How can I optimise my brain function?

Your brain is your most important organ. Without adequate care for your brain productivity levels drop and physical health deteriorates.

How should I structure my diet to optimise my brain function?

A balanced diet and adequate hydration (see our article on hydration) is crucial in ensuring your brain is functioning at its highest possible level.  

An article from Harvard Health Blog sums up the importance of a proper diet through a great analogy- “like an expensive car, your brain functions best when it gets only premium fuel”. A constant supply of nutrients and vitamins is required to ensure your brain is functioning at its best. Antioxidants particularly are vital in maintaining your brain’s health. Your body and all its internal organs age through a process called oxidation. When your body uses oxygen, chemical species called free radicals are produced, which damage cells. Ingesting antioxidants can limit the damage caused to your cells (particularly your brain cells) and in turn slow down the process of ageing.

Part of bioniq’s supplement range are Omega 3 fatty acids, which may help to improve brain function.

More on our Omega 3 supplements can be found here.

How important is exercise in maintaining a healthy brain?

Research shows that exercise, in particular running, is a natural antidepressant and leads to increased hippocampal cell proliferation-literally meaning an increase in the number of cells in your brain’s hippocampus, the part of your brain that is responsible for learning and memory. Exercise in moderation and you will feel the positive impact this has on your mood and brain function.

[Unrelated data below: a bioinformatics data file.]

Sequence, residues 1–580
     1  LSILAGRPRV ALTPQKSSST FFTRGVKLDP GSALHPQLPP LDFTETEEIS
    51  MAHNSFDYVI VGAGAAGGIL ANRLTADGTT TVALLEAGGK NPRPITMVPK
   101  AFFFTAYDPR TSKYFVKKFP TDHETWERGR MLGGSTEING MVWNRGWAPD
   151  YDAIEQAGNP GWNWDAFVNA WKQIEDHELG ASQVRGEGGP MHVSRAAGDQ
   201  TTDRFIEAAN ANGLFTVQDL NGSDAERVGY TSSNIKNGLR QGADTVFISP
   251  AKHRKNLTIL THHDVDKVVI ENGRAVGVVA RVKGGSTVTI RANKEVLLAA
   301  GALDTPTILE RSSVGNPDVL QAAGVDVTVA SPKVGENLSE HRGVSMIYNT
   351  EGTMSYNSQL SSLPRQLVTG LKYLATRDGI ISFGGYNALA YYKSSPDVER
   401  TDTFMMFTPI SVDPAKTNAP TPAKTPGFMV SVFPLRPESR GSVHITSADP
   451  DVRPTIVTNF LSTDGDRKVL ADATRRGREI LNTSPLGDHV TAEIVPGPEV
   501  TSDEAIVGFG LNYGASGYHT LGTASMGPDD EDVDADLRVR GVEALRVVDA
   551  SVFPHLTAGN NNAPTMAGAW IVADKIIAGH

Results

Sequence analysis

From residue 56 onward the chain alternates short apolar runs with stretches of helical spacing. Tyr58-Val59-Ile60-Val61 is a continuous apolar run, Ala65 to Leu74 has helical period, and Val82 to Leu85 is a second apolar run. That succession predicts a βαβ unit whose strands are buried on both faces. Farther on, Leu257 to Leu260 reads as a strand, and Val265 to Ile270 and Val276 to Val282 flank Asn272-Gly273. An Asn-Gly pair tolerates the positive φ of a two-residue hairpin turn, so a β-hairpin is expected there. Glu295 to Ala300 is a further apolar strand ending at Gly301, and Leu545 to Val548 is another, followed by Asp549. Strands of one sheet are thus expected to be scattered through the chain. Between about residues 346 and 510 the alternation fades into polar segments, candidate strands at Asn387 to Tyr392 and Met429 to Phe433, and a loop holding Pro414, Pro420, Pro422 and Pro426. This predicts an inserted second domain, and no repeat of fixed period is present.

How important is sleep?

We have talked previously about the overall importance of obtaining a good night’s sleep and tips to help you to do so- this segment will instead focus specifically on sleep’s role in your brain’s function-particularly memory.

Numerous studies have clearly shown that sleep improves memory. Perhaps most interesting is this study, which showed the astounding effect sleep has on long term memory in adolescents. Declarative memory (the memory involved in the recall of facts) increased by over 20% in the group that slept the night before as opposed to the group that didn’t.

We’ve all felt grumpy the morning after a poor night’s sleep. Well, there’s a reason. Research also shows that getting a good night’s sleep is associated with your brain’s ability to regulate its emotional activity.

Author of the publication

Alexandra Bougrova
Alexandra Bougrova
Senior editor
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